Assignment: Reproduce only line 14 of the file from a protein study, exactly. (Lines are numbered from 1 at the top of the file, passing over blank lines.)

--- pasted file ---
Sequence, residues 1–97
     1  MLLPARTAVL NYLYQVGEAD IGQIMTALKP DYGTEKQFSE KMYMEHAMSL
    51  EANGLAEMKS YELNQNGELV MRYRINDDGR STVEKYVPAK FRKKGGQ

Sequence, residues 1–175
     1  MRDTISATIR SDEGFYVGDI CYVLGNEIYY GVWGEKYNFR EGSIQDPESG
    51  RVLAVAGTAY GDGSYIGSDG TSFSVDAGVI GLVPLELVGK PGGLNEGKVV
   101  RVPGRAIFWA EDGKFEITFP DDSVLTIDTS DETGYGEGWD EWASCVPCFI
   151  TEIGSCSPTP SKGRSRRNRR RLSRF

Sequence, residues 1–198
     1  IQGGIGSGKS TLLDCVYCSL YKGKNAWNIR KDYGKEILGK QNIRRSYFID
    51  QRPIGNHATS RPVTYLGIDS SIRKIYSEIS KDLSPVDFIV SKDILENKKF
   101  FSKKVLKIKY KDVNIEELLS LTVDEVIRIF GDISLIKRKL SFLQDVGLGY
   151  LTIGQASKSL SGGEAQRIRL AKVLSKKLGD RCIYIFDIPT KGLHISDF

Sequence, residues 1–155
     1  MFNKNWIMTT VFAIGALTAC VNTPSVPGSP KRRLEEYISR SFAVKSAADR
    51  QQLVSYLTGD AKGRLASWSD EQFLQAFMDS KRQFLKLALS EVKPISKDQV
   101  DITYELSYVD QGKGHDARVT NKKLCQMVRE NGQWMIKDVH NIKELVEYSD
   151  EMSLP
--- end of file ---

Sequence, residues 1–155